Not that Bryson is very much interested in linking developments in science to any continuing attention to historical context.  He’s happy enough to refer repeatedly to the context if there’s a good yarn to be had—if not, he’s ready to skim over it or ignore it altogether.  This gives his account of developments a distinctly Whiggish flavour, a characteristic which will no doubt upset historians of science. At times, too, this habit of frequent quick raids into the past encourages a tendency to flippant snap judgments for the sake of a jest or some human drama.  But given the audience Bryson is writing for and his desire to keep the narrative full of brio, these criticisms are easy enough to overlook.  And speaking from my own limited experience in writing about the history of science, I can attest to the fact that once one begins scratching away at the lives of the scientists themselves, the impulse to draw on the wonderful range of the extraordinary characters one discovers is almost irresistible.

Bryson’s narrative gets into more serious difficulties, however, when he cannot write from his strengths, that is, when he cannot link what the subject demands to particular people and places.  Here the prose often tends to get bogged down in summaries of what he has been reading lately or inadequate condensations of subjects too complex for his rapid pace.  Thus, for example, the parts where his prose has to cope with systems of classifications (for example, of clouds, or bacteria, or early forms of life) the sense of excitement disappears and we are left to wade through a dense array of facts, without much sense of purpose.  At such times, Bryson seems to sense the problem and often cranks up the “golly gee” element in his style in an attempt to inject some energy into his account, but without much success. And not surprisingly, the world of particle physics defeats his best attempts to render it familiar and comfortable to the reader, as Bryson concedes in an unexpectedly limp and apologetic admission: “Almost certainly this is an area that will see further developments of thought, and almost certainly these thoughts will again be beyond most of us.”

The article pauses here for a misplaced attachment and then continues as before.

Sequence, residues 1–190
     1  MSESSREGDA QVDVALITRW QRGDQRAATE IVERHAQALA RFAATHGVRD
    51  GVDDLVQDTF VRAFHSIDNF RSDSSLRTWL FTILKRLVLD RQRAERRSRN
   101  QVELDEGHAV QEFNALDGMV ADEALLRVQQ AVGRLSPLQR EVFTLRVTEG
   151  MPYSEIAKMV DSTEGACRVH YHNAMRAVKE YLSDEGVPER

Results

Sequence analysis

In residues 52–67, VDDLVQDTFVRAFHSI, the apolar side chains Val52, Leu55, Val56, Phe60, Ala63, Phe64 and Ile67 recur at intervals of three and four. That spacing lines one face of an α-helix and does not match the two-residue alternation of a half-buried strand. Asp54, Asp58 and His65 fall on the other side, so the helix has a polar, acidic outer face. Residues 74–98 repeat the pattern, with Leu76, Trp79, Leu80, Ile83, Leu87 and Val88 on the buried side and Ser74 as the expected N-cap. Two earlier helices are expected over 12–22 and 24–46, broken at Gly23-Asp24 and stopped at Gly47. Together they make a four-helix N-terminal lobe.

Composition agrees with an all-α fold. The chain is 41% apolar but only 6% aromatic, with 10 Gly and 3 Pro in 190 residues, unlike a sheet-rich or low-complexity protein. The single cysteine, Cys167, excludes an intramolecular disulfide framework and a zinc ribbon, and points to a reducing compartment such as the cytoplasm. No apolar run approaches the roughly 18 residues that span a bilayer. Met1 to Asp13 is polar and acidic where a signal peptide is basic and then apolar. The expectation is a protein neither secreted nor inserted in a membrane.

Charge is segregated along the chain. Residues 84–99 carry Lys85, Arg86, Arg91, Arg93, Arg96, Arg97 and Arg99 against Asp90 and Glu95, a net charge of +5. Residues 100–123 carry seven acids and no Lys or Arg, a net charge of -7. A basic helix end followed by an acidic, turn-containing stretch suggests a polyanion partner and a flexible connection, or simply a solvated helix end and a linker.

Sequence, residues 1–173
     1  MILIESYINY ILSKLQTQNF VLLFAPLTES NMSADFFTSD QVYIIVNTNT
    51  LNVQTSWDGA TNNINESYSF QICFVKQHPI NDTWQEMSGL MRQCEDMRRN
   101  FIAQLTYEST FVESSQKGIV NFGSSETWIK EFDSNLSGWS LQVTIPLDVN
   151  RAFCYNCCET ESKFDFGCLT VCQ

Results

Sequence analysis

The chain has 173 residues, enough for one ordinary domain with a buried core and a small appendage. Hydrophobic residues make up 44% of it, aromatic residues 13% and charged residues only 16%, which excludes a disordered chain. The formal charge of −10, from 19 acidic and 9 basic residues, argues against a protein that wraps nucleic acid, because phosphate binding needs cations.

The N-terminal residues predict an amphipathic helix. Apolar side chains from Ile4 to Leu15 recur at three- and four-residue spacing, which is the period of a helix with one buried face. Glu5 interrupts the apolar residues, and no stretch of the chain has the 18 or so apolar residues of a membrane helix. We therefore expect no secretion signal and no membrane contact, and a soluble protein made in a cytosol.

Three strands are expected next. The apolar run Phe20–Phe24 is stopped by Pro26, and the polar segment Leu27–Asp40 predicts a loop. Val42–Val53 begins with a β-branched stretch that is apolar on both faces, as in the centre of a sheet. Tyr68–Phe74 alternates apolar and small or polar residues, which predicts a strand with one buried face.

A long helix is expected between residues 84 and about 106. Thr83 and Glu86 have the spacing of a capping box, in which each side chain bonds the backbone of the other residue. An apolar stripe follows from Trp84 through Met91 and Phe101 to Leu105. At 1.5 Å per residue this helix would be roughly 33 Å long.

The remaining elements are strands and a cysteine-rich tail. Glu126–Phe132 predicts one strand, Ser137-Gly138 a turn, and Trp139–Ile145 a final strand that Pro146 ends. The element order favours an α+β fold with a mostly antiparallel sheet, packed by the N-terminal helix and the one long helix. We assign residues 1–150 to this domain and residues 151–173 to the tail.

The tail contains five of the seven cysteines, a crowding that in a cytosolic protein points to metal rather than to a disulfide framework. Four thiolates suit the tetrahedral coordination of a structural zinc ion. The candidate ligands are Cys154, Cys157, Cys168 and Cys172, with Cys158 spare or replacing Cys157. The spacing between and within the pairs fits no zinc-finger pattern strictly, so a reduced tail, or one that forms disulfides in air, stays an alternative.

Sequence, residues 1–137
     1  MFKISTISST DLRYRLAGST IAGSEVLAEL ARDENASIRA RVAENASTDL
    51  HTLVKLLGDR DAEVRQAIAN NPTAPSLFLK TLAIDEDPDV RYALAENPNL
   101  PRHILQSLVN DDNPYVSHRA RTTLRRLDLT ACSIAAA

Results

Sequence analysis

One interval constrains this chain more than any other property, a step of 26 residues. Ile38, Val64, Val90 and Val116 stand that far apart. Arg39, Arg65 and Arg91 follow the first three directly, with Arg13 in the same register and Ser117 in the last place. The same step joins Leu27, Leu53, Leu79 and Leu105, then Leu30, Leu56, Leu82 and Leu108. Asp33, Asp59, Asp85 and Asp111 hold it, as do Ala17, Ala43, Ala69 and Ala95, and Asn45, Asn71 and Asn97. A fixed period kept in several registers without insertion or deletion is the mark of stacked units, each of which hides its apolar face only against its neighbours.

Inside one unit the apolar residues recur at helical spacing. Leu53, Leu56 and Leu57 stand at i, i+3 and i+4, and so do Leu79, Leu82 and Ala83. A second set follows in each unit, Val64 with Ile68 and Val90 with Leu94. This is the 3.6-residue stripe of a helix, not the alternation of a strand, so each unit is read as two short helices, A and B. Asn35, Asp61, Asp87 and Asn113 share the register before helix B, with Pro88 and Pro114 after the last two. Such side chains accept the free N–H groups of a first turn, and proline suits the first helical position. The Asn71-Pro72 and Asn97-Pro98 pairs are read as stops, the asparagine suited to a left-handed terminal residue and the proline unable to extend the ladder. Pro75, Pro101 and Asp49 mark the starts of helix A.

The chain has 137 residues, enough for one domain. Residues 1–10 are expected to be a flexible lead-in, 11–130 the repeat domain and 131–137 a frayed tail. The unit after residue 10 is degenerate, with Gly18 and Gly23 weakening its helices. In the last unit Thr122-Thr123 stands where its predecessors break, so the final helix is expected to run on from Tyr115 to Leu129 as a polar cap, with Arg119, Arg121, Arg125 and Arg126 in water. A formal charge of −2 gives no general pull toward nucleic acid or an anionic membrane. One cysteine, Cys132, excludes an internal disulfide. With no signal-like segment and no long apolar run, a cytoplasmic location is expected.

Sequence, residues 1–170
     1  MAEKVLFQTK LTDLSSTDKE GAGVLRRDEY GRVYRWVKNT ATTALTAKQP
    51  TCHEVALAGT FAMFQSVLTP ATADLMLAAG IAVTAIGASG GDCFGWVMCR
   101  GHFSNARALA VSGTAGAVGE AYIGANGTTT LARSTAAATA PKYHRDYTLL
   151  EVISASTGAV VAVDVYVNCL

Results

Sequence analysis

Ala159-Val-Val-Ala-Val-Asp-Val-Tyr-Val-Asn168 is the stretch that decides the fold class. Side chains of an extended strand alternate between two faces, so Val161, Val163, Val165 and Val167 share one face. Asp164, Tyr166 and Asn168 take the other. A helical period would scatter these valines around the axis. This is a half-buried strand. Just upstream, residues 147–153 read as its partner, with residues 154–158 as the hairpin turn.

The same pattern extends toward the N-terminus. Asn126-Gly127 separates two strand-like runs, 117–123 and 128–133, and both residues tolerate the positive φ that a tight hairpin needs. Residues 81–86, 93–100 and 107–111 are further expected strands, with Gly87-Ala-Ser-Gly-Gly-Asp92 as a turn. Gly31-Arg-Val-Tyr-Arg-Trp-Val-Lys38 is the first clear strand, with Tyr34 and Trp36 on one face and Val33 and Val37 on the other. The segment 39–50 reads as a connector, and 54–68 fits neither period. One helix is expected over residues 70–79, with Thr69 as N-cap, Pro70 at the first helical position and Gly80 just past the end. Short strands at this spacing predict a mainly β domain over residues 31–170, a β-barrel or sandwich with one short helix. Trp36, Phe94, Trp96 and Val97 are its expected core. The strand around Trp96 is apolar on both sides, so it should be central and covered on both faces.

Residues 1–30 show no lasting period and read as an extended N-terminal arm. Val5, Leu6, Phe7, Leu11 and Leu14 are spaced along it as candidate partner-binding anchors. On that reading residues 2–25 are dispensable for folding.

It’s very curious that Bryson makes no attempt to assist the reader through such passages with any illustrative material, which would certainly have enabled him to convey organized information in a much clearer, more succinct, and less tedious manner.  Early on, he lays some of the blame for his ignorance about science on boring school text books, so perhaps his decision to eschew visual aids has something to do with his desire not to produce anything like a school text (although, as I recall, diagrams, charts, and photographs were often the most exciting things about such books). Or perhaps he’s simply supremely confident that his prose is more than enough to carry the load.  Whatever the reason, the cost of that decision is unnecessarily high.

I suspect reactions to this book will vary widely.  Bryson fans will, no doubt, be delighted to hear the master’s voice again and will forgive the lapses in energy and imaginative excitement here and there in the story.  By contrast, many scientists and historians of science will find the tone and the treatment of the past not particularly to their liking.  I’ll value the book as a source of useful anecdotes and some excellent writing about scientists at work, but turn to less prolix and better organized accounts to enrich my understanding of our scientific knowledge of the world and its inhabitants.  But then again, if my grandchildren in the next few years begin to display some real interest in learning about science, I’ll certainly put this book in front of them.